1. Find A Photograph
Photographs are so helpful when trying to explain to a barber what you want.
While describing what you want to a barber using your words is also crucial, using a photograph can really reduce the risk of miscommunication.
So, before you attend for that haircut, try to find an example of a taper fade that you really want – check blogs, magazines, etc.
The best thing about this is that it can compensate for gaps you might have in your knowledge.
For example, it can be tough to know what the different clipper grade numbers actually look like.
What you may think is a #0 is actually a #1, for example.
Using a photograph will allow a barber to correct what you may have said – “do you mean a #1”?
2. Specify The Taper Fade Height
This step is probably the most important, as the height of the fade is really what defines the taper.
If you want the fade to sit higher than the top of the sideburns, it may not actually be a taper in the first place.
So, making it clear where you actually want the fade to sit is crucial.
So, let the barber know you want a taper fade. But also specify where you want the fade to start. Most barbers will know that it shouldn’t reach higher than the sideburn, but making this clear is always helpful to ensure there are no misunderstandings.
Let them know you only want the fade to reach as high as the top of the sideburn on the sides and around the first inch or so above the neckline at the back.
Use your finger to point out approximately where you want the taper fade to start on the sides.
3. Specify A Taper Fade Length
When discussing taper fade length, you’ll need to let the barber know how short you want the shortest length of the taper to be, as well as what length you want the taper to transition into.
The shortest length will only reach the top of the sideburn before it gradually starts to increase and transition into longer lengths.
The typical “fade” effect is due to the blurring of the different lengths – a striking appearance created by the seamless blending of one length into another.
So, how short do you want the shortest length (below the top of the sideburn) to be?
- Skin fade taper – The shortest length would be shaved
- Zero fade taper – The shortest length would be #0 (no clipper guard attached)
- 0.5 Fade taper – The shortest length would be a Wahl #0.5 (1.5mm)
- 1 fade taper – The shortest length would be #1 (3mm)
- 2 fade taper – The shortest length would be #2 (6mm)
Once you’ve specified how short you want the shortest length to be, what length do you want it to gradually transition into around the top of the sideburn?
For example, a 1 fade taper could transition from a #1 at the bottom into a #3 further up, by gradually going through the #1.5 and the #2 before finally getting to the #3 length.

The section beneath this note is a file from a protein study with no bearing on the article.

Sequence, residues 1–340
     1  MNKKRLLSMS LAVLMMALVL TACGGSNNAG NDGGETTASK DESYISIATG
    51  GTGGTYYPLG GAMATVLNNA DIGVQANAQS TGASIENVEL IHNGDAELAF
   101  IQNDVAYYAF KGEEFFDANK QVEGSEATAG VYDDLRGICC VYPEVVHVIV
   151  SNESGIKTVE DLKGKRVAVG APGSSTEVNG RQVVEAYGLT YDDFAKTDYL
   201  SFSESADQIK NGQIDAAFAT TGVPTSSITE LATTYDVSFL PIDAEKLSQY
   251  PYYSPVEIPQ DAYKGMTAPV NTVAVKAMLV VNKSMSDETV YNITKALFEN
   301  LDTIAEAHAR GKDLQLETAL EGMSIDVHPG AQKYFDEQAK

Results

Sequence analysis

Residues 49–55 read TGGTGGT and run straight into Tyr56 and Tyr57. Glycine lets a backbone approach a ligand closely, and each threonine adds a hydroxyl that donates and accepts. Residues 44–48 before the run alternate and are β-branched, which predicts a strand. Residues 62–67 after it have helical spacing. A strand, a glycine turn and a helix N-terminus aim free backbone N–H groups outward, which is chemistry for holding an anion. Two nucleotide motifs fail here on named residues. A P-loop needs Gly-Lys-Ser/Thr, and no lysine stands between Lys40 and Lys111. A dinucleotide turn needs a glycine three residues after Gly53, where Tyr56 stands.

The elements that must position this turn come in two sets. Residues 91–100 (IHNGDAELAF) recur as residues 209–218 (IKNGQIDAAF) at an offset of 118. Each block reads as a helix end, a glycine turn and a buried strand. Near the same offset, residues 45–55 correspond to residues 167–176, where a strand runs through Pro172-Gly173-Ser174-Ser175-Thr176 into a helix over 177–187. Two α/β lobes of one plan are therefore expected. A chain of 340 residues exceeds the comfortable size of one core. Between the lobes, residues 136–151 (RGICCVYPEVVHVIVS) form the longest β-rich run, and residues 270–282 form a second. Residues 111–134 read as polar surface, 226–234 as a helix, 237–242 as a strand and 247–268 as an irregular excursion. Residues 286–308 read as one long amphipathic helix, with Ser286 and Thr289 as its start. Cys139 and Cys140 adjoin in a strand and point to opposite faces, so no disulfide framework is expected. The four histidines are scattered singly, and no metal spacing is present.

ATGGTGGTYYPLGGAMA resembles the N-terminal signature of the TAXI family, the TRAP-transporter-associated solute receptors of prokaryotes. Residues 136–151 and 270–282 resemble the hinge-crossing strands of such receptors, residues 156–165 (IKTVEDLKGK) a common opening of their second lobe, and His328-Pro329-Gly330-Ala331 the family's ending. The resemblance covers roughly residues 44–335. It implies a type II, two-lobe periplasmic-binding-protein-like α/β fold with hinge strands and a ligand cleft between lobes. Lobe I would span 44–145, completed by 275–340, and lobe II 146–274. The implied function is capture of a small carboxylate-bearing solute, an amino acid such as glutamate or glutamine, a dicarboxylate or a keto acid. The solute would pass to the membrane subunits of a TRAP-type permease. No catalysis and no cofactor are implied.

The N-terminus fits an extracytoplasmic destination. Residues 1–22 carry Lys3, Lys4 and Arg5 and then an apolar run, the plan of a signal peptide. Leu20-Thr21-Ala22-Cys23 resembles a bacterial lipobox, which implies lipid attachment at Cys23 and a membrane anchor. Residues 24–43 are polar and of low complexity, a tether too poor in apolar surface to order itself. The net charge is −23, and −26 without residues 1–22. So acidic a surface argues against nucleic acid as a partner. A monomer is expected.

It really depends on how short or long you want the taper to be. Ask your barber for suggestions if you’re not sure, or simply ask them to replicate a photograph you might have found.
4. Say What You Want On Top
While it can be easy to get preoccupied with the taper aspect of the haircut, don’t forget that asking for a taper doesn’t tell the barber anything about what you want up top.
I won’t dwell too much on this part as there’s literally an endless number of styles you could ask for up top to compliment the taper at the sides and back.
Just let the barber know how much length you want to be taken off the top and how you intend to style it.
5. Say Whether You Want A Line Up
A “line up” is also sometimes called a “shape up” or an “edge up”.
This is where the edges of the natural hairline (at the front, sides, and back) are made to look sharper and more defined using a straight razor.
It’s commonly requested, but may not be for everyone.
If you want the edges of your hairline to really stand out, make sure you ask for a line up before the haircut starts. You could ask for one at the end, but this is not ideal.
If you’d prefer a more natural-looking hairline, you could either not say anything at all (as it will be assumed that you don’t), or specify that you don’t want a line-up.
At this point, you’re done. You should now be able to request a taper fade just like the example I gave at the start of this stepwise routine.
There’s a surprising amount that can go wrong when requesting a fade, but it’s mainly due to misunderstanding and poor communication between clients and their barbers.
Understanding the terminology and knowing how to request one in a clear way is the key to getting the taper fade you really want.
Ready Sleek founder. Obsessed with casual style and the minimalist approach to building a highly functional wardrobe. Also a fan of classic, vintage hairstyles.